Washington Winds down Sanctions in Tune with Strides in Dialogue with Tehran

The informal secret talks taking place for months between the representatives of US President Barack Obama and Iran’s Supreme Leader Ayatollah Ali Khamenei appear to have made strides forward. Some sources say they may reach an accord even before the resumption of nuclear talks between Iran and the six world powers some time next month in Istanbul.
Where the secret talks are taking place varies according to the source: Some sources say Vienna; others a French village on the banks of Lake Geneva between Evian and Thonon-les-Bains.
The US and Iranian negotiators are described as high-ranking intelligence officials. Whereas the Americans report directly to President Barack Obama and Secretary of State Hillary Clinton, the Iranians, who belong to the Revolution Guards outfit, send their reports to IRGC commander, Gen. Qasem Soleimani. He passes it on to Khamenei, who sends it back with instructions on how the delegation should next proceed.
DEBKA-Net-Weekly’s sources provide the following updates and insights on progress.
1. The secret channels of dialogue are proliferating: Believed to number three – the corridors of International Atomic Energy Agency headquarters in Vienna, Ankara and Moscow – they appear to have earlier this month sprouted a fourth, a super-secret conduit known only to tight groups in Washington and Tehran.
2. About a week ago, Turkish Prime Minister Tayyip Erdogan found out that Ankara was not the only high road for US-Iranian interaction but that secret conduits had opened up without his knowledge.

New Turkish plan blends Iranian and Syrian issues

Erdogan had hoped his meeting with President Obama in Seoul later this month would end with him flying directly from South Korea to Iran to present Khamenei with Obama’s decisions.
This is unlikely to happen.
All the same, the Turkish prime minister is ready to present the US president a new plan which weaves the Iranian nuclear issue in with a formula for resolving the Syrian crisis. It consists of a package whereby Tehran would agree to stop enriching uranium to 20-percent purity in the first stage and then gradually open up its nuclear sites to IAEA inspection.
In parallel, Iranian leaders would try and persuade Bashar Assad to end the violence in Syria and enter into talks with the opposition on power-sharing reforms.
According to our intelligence sources, Hakan Fidan, director of the Turkish MIT intelligence agency, is handling Ankara’s dealings with Iran.
On a trip to Tehran last week, he informed Khamenei’s aides that refusal to combine the nuclear controversy with the Syrian issue in the same package as Ankara proposed would make Turkey abandon its neutral stance between the US and Iran.
Ankara would then join Western sanctions and embark on military action against the Assad regime with a view to establishing protected buffer zones in Syria.
Asked why Erdogan did not seem troubled by the Syrian ruler’s threat, conveyed to UN envoy Kofi Annan in Damascus on March 10, to send missiles against Turkish bases and military targets if their troops crossed the border, Fidan replied his government was ready to withstand the threat with US and European military backing.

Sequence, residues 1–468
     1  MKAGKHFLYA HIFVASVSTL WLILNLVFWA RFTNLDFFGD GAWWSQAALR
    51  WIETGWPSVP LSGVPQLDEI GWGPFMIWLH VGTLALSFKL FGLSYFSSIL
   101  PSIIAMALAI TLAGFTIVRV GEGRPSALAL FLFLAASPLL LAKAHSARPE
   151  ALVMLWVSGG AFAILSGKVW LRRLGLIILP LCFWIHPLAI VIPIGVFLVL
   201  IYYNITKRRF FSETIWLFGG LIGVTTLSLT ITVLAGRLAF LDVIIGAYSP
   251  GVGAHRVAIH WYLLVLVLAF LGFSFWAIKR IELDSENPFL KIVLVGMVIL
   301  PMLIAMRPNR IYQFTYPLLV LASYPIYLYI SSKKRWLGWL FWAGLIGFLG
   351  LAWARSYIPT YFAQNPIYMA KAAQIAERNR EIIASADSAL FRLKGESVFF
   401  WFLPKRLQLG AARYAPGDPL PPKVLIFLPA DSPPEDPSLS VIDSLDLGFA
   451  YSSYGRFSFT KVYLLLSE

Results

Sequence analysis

Back-channel talks confirmed

3. Back to Iran, on March 12, the Washington-based Al Monitor (self-styled “Pulse of the Middle East”) ran a revealing interview with former US senator from Nebraska Chuck Hagel, a close Obama associate and co-chairman of his intelligence advisory board.
After speaking at length about scenarios that could prod Israel into action against Iran, he was asked by the interviewer: So is it now bomb Iran or live with Iran with a bomb?
Exactly, Hagel replied: “We may eventually wind up with those choices. But I don’t think we’re there now. We’ve got some time, keep ratcheting up the sanctions, keep the world community with you.
“…You cannot push the Iranians into a corner where they can’t get out…You’ve got to find some quiet ways…”
The former senator hinted broadly at back-channel talks between the United States and Iran:
“I hope. I don’t see any other way around this,” he said. “Because you can’t deal with something… as explosive as this is out in public.”
Hagel must be presumed to have cleared his remarks with the White House.

Starting to wind sanctions down

4. Tuesday night, March 20, six days after President Obama’s ringing announcement ,“We’ve applied our toughest sanctions ever on Iran,” Secretary of State Clinton suddenly announced the administration had decided to extend exemptions from those sanctions to Japan and 10 European countries, Britain, Germany, Belgium, France, Czech Republic, Greece, Italy, Spain, Holland and Poland.
This decision was made, said Clinton, because those countries had already significantly reduced their oil purchases from Iran. Clinton did not say whether they had undertaken to maintain the reduced level of their Iranian oil purchases, or if the exemption permitted them to buy more.
It was assumed that the exempted countries’ banks would also be allowed to deal with Iranian banks in order to pay for the oil.
They were let off the hook of financial sanctions as well by the same exemptions.
DEBKA-Net-Weekly’s sources comment that this move appears to be part of a gradual ratcheting down by the Obama administration of sanctions against Iran, a strong indicator of substantial progress made on the secret US-Iranian talking track. The US president appears to have decided to reward Tehran by a major concession, albeit without admitting this in public.

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